Tender, sweet and chocolaty, these gluten free scones are almost as good as wheat flour scones.
These tender, delicious gluten-free scones make a wonderful weekend breakfast treat. These are for Mom – she’s been diagnosed with pre-diabetes and has been completely avoiding baked goods for a long time now.
She and my dad will visit us soon, and as I was telling her about my experiments with low-carb baking, and how these baked goods do not affect my blood sugar the way bread does, she sheepishly asked, “Remember those amazing whole wheat scones you used to make that I loved so much? Maybe you can come up with a low-carb version of those?”
Needless to say, as soon as we hung up the phone, I was scouring the Internet for gluten free scones recipes. Several attempts yielded less-than-optimal results (edible, but not mom-or-blog-worthy), but this one’s a keeper. Tender, sweet and chocolaty, these gluten free scones are almost as good as flour scones.
- Preheat oven to 350 degrees F. Line a baking sheet with parchment.
- In a large mixing bowl, whisk together the almond flour, baking soda and salt. Use a rubber spatula to mix in the chocolate chips.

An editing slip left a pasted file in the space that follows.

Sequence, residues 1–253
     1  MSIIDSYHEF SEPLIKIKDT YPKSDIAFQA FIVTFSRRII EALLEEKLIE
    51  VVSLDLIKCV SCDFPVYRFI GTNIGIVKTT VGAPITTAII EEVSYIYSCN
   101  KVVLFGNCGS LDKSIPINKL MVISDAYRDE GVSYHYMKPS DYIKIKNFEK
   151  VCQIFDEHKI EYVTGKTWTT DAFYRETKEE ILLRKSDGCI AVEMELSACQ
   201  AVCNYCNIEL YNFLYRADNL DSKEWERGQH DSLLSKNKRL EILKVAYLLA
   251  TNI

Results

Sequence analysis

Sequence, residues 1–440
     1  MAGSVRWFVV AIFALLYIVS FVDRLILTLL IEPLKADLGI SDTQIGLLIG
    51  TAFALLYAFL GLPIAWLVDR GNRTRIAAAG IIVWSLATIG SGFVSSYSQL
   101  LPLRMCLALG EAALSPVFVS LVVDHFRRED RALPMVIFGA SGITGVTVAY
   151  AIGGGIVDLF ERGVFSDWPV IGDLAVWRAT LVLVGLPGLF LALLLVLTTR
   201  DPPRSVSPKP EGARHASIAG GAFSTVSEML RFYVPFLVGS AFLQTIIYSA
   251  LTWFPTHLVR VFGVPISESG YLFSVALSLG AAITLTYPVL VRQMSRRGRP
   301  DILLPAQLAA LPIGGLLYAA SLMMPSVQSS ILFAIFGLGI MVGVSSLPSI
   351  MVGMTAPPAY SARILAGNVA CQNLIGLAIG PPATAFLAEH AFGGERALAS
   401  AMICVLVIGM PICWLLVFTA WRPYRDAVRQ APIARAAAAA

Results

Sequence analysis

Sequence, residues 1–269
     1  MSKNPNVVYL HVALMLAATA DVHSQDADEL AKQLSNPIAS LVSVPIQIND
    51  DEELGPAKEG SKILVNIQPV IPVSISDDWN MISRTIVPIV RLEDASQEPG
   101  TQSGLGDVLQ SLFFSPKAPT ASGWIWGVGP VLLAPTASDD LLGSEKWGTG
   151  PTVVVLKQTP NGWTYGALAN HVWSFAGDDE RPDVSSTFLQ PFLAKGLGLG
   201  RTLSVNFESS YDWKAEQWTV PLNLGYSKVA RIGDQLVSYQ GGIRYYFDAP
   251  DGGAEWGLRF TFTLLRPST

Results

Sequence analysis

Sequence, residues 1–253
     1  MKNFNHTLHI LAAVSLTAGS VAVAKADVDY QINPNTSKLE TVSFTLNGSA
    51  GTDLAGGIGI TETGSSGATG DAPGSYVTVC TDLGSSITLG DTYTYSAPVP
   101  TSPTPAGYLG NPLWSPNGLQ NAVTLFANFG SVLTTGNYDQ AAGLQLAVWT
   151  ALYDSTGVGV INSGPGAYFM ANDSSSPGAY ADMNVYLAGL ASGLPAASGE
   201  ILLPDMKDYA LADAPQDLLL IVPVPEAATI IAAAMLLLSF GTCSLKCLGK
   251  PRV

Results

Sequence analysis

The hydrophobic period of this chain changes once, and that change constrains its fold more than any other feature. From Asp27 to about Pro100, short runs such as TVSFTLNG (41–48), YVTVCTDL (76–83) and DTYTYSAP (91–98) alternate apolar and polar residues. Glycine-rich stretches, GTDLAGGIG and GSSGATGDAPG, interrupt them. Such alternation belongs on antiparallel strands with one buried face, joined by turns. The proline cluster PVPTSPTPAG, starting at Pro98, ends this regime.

- In a small mixing bowl, whisk together the egg, xylitol and vanilla.
- Add the egg mixture to the flour mixture, mixing with a rubber spatula and then using your hands to turn the mixture into dough.
- On a cutting board, form the dough into a 1-inch-thick circle. Use a sharp knife to cut the circle into 8 triangles:
- Carefully, using a cake server, transfer each scone to the prepared baking sheet. If some of the scones lose their shape a little as you transfer them, gently reshape using your fingers.
- Bake 10-12 minutes, or until just starting to golden. Baking for too long will result in dry scones, so it's better to slightly underbake than to overbake.
- Cool 5 minutes on the baking sheet, then transfer to a cooling rack to cool 5 more minutes before enjoying.
- Keep leftovers covered in the fridge and briefly warm them in the microwave, 10 seconds per scone.
2. The reason no butter is needed in these gluten free scones is that unlike wheat flour, almond flour is inherently oily. One cup of all-purpose flour has 1 gram of fat; One cup of almond flour contains 56 grams of fat.
3. If you're opposed to xylitol, it's fine to use sugar instead. Or use honey and bake 1 minute longer.
4. Normally, I find that Bob's Red Mill almond flour works fine, but in this recipe, I have to agree with Elana Amsterdam - the super fine grind of Honeyville almond flour makes a difference. I tried both, and the scones made with Bob's Red Mill almond flour had a slightly grainy mouthfeel.